Just Right OCD
In this episode of Purely OCD, show hosts Lauren Rosen, LMFT, and Kelley Franke, LMFT, discuss “Just Right” OCD. They discuss related obsessions (they could be anything!), compulsions and exposures. As always, they answer questions at the end.
Lauren and Kelley reflect on Goldilocks’ insistence that she get things “just right.” This is not wholly dissimilar from what people with Just Right OCD are after.
This desire for getting that “just right” feeling can come up in all sorts of different subtypes. For instance, people with this subtype might think they must:
- Get the “Just Right” feeling when praying in order to continue with other activities.
- Write a word just right or something will to happen to a family member.
- Finish whatever task is being done (walking around the block, eating a meal, folding a towel) before the phone rings, or else something bad will happen.
- Check something until it feels “just right” (e.g. checking the door knob until you hear it click in the right way)
- Do something just “right or else” they’ll feel “off” forever.
There’s a lot of magical thinking related to Just Right OCD.
The obsession could really be about anything. The “just right” is about the goal of the compulsion.
Exposure and Response Prevention for Just Right obsessions could involve:
- Making it “Just wrong” (i.e., a little bit off)
- Sitting with the uncomfortable feeling
- Writing an imaginal exposure that something bad will happen because a person didn’t do something “Just Right”
Kelley and Lauren talk about how guilt and moral scrupulosity can get involved when it comes to resisting compulsions. Oftentimes people reason that it’s not such a big deal to check something one more time if it could save a person’s life. The trouble is it rarely stays at that one more check.
Kelley: “If it’s in my control to check one more time then isn’t it worth it because I could save that person?” … It’s like some moral obligation.
Lauren: [OCD says] “Gotta go back because otherwise I’m a jerk. Because I can’t bothered to go back for 5 seconds and save my mother’s life. Which of course is not true… but you have to be wiling to embrace that maybe you are.”
Kelley: You know what I would do if it were me… and what I have done, is been like “Well, I’m really excited today about killing everybody in the house” and then just walk out that door with my shoulders back and my stomach…to the floor.
Viewer Question: Does OCD cause black and white thinking?
“I think OCD is very black and white. I don’t know if there’s any in between. It’s either good or bad or – and that’s the whole thing is we’re trying to teach people how to do middle path… maybe there’s a little good or a little bad.”Kelley Franke, LMFT
Black and white thinking can encourage compulsive overthinking. For example if you think “I’m a bad person” you may want to churn over the circumstance to make sure you didn’t do something offensive.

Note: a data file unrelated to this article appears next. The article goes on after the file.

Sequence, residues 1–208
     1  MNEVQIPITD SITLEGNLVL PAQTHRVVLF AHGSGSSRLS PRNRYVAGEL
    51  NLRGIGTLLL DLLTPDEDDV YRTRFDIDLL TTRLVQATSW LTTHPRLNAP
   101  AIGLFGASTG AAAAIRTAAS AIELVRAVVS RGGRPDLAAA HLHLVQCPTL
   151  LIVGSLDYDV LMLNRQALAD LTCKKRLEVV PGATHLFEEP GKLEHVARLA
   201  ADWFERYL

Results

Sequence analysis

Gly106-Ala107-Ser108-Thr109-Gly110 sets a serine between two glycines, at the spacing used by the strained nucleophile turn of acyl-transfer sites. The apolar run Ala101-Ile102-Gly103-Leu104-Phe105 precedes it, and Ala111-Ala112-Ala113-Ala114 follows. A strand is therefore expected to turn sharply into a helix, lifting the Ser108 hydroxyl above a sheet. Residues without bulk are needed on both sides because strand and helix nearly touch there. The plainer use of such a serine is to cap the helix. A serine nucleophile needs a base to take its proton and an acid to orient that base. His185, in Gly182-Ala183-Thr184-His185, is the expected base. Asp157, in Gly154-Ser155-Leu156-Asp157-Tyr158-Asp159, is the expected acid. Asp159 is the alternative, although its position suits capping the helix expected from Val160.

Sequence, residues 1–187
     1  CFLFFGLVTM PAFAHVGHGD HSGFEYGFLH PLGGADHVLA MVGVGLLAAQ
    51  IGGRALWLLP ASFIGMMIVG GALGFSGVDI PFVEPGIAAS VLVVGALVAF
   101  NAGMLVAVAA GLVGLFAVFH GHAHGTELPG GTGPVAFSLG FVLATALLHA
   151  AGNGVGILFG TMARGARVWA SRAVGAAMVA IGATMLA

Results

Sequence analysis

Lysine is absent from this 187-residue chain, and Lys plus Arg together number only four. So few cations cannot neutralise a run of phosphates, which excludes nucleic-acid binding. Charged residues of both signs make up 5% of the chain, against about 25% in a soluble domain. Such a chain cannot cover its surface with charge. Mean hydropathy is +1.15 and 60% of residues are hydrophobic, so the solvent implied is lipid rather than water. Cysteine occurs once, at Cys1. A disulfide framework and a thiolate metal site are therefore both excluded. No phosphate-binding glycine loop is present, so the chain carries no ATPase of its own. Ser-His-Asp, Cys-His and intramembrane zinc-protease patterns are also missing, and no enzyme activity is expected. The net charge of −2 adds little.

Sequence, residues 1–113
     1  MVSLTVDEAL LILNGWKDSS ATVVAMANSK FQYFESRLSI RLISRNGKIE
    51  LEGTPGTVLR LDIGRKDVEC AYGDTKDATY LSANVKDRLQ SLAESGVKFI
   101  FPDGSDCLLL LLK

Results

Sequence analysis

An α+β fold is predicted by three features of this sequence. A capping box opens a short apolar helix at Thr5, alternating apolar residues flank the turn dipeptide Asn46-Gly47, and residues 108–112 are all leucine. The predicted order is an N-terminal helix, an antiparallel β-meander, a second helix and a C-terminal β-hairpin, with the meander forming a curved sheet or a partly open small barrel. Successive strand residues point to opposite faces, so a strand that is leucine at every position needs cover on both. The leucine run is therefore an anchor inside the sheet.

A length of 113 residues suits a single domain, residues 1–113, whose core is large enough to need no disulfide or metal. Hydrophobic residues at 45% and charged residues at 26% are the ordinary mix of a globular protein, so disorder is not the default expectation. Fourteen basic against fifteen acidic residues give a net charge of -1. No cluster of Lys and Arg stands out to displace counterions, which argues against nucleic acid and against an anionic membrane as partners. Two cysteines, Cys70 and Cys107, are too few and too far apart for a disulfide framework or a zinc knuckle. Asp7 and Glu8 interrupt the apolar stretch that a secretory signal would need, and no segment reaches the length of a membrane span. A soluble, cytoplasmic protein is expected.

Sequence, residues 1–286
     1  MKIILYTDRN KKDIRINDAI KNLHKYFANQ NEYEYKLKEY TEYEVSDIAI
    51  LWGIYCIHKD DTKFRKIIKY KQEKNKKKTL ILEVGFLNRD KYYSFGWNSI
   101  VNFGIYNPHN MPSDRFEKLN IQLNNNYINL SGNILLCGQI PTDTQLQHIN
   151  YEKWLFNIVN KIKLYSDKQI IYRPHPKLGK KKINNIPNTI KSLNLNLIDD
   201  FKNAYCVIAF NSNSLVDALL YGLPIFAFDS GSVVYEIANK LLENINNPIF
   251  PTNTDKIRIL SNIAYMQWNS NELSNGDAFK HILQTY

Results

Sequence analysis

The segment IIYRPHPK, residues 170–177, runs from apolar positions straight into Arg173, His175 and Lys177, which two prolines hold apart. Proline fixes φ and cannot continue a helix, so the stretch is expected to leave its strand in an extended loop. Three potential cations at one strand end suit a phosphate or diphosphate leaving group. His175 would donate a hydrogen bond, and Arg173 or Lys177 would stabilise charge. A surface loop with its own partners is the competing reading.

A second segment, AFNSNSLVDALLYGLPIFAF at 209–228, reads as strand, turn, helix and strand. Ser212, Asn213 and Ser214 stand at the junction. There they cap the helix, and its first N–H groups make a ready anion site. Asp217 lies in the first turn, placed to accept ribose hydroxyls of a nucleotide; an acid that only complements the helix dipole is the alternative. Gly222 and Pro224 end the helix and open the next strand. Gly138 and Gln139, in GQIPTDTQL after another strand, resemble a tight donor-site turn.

Life causes black and white thinking… everyone engages in black and white thinking… It’s very evolutionarily beneficial to be able to think efficiently, to be able to make snap judgments. It’s just that efficient doesn’t mean accurate.Lauren Rosen, LMFT
Lauren mentions the book Thinking, Fast and Slow in which Daniel Kahneman talks about Type 1 and Type 2 thinking. Type 1 is very black and white and it’s efficient but not necessarily accurate. Type 2 is more thorough but takes more energy. Having the capacity for both types of thinking is important, but the black and white thinking would have been selected for given that being able to make snap decisions is a skill that promotes survival.
Someone asks a question about good and bad foods, chemicals, and diet. Lauren talks about the fact that this comes up in Eating Disorders generally and also in Orthorexia specifically. There is a lot of all or none thinking in our culture regarding food “Good foods” versus “Bad foods.” While some foods are more nutrient dense or less so, foods aren’t inherently moral.
Question: How to describe symptoms to a psychiatrist when the content of thoughts are shameful.
Unfortunately sometimes people have to educate their providers about OCD. With some of the more taboo themes, opening up can be challenging under the best of circumstances. Understandably, people can be more reticent to share these thoughts if someone isn’t super familiar with OCD. If you’re seeing a therapist who specializes in OCD, you can ask your provider to educate your psychiatrist if they are not well informed.
Question: Is it normal to have a flood of OCD thoughts after a night of drinking or getting drunk. What if I did this and I don’t remember?
Kelley: Oh my God I hate this one!
It’s challenging because if you do black out then the concern of not remembering whether you’ve done something makes some degree of sense. And reconsidering your behaviors so that you might act more responsibly in the future might be beneficial, given that blacking out is unlikely to be helpful.
But this can come up for people who don’t black out. If you don’t have an explicit, autobiographical memory about a situation, you may question what happened – like with locking a door while sober. This also applies when substances are involved.
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Disclaimer: This information is meant to be general information not unique to any individual. Before following any guidance or advice found on this site or in the Purely OCD Podcast a visitor or listener should always consult with their own licensed healthcare practitioner. The Purely OCD Podcast and Website are not therapy or intended as a replacement for therapy. They are for educational purposes only.